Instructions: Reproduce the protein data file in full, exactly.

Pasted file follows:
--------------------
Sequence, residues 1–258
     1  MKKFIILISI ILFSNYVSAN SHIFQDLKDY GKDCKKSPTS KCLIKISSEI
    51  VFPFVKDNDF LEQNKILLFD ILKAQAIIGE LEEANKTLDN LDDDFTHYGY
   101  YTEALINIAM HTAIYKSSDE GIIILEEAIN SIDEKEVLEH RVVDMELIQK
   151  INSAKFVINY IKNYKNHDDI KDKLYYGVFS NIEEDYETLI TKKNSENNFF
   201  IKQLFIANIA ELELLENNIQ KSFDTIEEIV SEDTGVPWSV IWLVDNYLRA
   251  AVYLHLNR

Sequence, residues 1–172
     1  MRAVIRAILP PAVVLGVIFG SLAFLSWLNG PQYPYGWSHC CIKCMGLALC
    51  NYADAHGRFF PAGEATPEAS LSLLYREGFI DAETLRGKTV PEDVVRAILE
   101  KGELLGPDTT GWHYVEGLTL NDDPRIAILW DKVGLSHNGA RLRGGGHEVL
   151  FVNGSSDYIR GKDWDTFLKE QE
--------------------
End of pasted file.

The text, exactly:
Sequence, residues 1–258
     1  MKKFIILISI ILFSNYVSAN SHIFQDLKDY GKDCKKSPTS KCLIKISSEI
    51  VFPFVKDNDF LEQNKILLFD ILKAQAIIGE LEEANKTLDN LDDDFTHYGY
   101  YTEALINIAM HTAIYKSSDE GIIILEEAIN SIDEKEVLEH RVVDMELIQK
   151  INSAKFVINY IKNYKNHDDI KDKLYYGVFS NIEEDYETLI TKKNSENNFF
   201  IKQLFIANIA ELELLENNIQ KSFDTIEEIV SEDTGVPWSV IWLVDNYLRA
   251  AVYLHLNR

Sequence, residues 1–172
     1  MRAVIRAILP PAVVLGVIFG SLAFLSWLNG PQYPYGWSHC CIKCMGLALC
    51  NYADAHGRFF PAGEATPEAS LSLLYREGFI DAETLRGKTV PEDVVRAILE
   101  KGELLGPDTT GWHYVEGLTL NDDPRIAILW DKVGLSHNGA RLRGGGHEVL
   151  FVNGSSDYIR GKDWDTFLKE QE